America's Biking Boom Moves to the 'Burbs

Suburban locales have typically lagged behind larger cities in building bike-friendly infrastructure. But the League of American Bicyclists' latest round of Bicycle Friendly Communities designations indicate a sea change is happening in the suburbs.

"As we mentioned a few days ago, more suburban-style communities received the League of American Bicyclists’ BFC honor this week," writes Tanya Snyder. "That’s a shift from previous years."

"We wanted to hear more about this suburban bicycling renaissance, so we checked in with the League’s Bill Nesper, director of the Bicycle Friendly America program. He said suburbs often have more work to do than bigger cities to become bike-friendly because of the challenges implicit in their land use."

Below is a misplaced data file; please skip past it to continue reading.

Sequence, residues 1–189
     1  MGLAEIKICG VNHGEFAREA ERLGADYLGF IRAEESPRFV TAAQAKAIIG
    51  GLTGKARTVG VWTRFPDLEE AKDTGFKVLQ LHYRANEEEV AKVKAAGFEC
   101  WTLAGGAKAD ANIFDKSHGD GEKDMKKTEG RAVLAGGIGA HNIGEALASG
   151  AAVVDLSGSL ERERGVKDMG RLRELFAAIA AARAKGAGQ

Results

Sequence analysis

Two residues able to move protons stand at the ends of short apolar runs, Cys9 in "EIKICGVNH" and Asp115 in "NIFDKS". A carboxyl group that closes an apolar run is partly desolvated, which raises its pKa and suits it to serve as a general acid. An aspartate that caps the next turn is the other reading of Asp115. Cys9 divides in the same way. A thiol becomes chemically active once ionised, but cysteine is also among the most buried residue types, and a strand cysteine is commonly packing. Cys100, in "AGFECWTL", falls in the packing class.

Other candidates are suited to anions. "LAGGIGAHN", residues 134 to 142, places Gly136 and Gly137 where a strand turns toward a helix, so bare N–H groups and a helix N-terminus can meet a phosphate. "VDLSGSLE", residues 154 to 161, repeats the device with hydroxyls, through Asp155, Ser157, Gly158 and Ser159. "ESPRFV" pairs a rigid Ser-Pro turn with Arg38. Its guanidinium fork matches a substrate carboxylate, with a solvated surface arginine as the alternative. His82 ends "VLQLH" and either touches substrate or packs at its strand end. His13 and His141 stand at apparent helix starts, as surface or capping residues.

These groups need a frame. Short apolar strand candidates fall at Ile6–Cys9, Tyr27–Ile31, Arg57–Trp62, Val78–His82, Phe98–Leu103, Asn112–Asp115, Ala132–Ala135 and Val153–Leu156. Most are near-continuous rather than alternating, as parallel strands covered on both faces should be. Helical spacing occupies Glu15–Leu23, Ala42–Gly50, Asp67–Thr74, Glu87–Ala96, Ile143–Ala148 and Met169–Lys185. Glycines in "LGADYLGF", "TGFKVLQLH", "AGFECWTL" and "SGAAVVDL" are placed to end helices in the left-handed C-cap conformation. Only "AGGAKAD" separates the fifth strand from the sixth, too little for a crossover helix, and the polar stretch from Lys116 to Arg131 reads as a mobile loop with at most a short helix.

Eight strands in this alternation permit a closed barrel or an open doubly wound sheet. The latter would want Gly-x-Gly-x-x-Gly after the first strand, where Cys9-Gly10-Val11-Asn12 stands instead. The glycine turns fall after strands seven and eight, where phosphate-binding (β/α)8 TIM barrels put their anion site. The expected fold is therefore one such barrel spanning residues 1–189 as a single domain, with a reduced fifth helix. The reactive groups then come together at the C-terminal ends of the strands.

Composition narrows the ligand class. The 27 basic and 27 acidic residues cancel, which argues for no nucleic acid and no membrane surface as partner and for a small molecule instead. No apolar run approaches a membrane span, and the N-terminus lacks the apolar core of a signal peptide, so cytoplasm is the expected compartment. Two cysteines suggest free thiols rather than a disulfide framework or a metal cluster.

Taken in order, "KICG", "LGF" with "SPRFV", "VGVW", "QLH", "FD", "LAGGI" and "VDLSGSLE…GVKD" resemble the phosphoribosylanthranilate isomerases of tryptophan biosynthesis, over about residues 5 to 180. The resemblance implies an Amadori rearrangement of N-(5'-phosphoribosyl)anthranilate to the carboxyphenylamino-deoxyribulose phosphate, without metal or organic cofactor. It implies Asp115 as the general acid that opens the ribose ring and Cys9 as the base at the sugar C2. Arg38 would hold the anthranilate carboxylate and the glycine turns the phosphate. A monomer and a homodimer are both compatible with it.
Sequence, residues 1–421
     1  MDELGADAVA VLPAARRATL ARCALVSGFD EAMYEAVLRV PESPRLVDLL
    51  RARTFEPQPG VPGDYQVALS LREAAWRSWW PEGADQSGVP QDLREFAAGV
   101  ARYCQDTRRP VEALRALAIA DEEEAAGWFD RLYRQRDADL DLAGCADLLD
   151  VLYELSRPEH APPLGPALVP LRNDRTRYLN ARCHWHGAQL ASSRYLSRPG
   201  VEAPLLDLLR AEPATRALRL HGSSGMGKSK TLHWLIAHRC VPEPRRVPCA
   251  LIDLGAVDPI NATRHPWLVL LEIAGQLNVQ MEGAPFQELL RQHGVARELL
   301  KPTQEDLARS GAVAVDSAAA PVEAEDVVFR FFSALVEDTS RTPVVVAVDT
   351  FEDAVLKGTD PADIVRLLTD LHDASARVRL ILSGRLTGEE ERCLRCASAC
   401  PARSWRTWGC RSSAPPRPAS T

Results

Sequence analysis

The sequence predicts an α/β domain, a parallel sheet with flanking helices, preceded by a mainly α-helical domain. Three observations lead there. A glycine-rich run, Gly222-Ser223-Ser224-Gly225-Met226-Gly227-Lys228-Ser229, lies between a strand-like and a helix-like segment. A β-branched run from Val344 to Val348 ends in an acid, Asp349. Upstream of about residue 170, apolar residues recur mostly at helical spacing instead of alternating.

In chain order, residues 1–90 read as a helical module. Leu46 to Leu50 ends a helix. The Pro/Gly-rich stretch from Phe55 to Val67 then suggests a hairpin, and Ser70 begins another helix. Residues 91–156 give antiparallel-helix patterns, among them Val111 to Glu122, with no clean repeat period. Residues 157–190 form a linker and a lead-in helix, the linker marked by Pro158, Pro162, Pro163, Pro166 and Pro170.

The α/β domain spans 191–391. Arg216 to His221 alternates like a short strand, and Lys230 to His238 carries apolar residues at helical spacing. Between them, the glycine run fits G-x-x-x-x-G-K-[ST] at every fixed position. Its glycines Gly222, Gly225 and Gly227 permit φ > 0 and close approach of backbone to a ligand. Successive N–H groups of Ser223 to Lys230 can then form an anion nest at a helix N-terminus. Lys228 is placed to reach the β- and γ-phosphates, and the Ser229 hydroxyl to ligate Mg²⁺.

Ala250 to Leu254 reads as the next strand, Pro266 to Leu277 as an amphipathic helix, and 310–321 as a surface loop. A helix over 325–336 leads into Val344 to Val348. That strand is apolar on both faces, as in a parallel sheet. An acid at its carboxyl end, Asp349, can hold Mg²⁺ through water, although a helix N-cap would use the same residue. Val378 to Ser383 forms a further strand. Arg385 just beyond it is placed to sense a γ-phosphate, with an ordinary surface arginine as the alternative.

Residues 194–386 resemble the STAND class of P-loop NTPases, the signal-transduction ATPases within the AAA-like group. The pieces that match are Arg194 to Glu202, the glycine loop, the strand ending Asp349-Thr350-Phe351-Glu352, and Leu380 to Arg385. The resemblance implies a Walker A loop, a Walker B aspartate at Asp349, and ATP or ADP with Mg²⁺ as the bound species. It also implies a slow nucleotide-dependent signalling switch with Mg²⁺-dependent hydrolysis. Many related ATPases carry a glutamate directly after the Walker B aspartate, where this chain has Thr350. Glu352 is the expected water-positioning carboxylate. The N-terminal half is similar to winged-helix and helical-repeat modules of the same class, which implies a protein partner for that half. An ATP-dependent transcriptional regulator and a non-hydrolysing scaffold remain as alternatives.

“Places that don’t really have the density, the average trip distance might not be as short as in a place like New York or Chicago,” said Nesper, “but that isn’t stopping them from making improvements to make bicycling easier for everybody.”

For those cities anxious about being lapped by the 'burbs, assistance awaits: Starting today, the Green Lane Project, a nonprofit program that helps cities design and build better bike lanes, is welcoming applications to join its second two-year round of focus cities.


Full Story: Suburbs Take Center Stage Among Bicycle Friendly Communities

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